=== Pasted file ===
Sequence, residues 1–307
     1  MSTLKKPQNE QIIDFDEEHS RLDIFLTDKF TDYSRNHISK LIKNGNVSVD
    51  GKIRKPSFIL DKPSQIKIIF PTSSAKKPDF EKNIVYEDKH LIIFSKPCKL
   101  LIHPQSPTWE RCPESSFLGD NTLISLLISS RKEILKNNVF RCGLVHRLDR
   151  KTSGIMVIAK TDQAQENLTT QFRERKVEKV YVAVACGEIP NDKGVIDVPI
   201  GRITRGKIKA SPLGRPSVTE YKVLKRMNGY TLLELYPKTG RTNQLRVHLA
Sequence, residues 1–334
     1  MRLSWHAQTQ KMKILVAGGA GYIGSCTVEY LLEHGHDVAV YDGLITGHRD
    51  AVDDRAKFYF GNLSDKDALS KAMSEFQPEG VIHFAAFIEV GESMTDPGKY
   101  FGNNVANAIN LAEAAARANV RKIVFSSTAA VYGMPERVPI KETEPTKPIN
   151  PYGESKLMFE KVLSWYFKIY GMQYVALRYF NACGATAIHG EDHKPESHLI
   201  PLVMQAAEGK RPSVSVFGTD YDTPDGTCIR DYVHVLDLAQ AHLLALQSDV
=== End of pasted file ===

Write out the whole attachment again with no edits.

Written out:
Sequence, residues 1–307
     1  MSTLKKPQNE QIIDFDEEHS RLDIFLTDKF TDYSRNHISK LIKNGNVSVD
    51  GKIRKPSFIL DKPSQIKIIF PTSSAKKPDF EKNIVYEDKH LIIFSKPCKL
   101  LIHPQSPTWE RCPESSFLGD NTLISLLISS RKEILKNNVF RCGLVHRLDR
   151  KTSGIMVIAK TDQAQENLTT QFRERKVEKV YVAVACGEIP NDKGVIDVPI
   201  GRITRGKIKA SPLGRPSVTE YKVLKRMNGY TLLELYPKTG RTNQLRVHLA
Sequence, residues 1–334
     1  MRLSWHAQTQ KMKILVAGGA GYIGSCTVEY LLEHGHDVAV YDGLITGHRD
    51  AVDDRAKFYF GNLSDKDALS KAMSEFQPEG VIHFAAFIEV GESMTDPGKY
   101  FGNNVANAIN LAEAAARANV RKIVFSSTAA VYGMPERVPI KETEPTKPIN
   151  PYGESKLMFE KVLSWYFKIY GMQYVALRYF NACGATAIHG EDHKPESHLI
   201  PLVMQAAEGK RPSVSVFGTD YDTPDGTCIR DYVHVLDLAQ AHLLALQSDV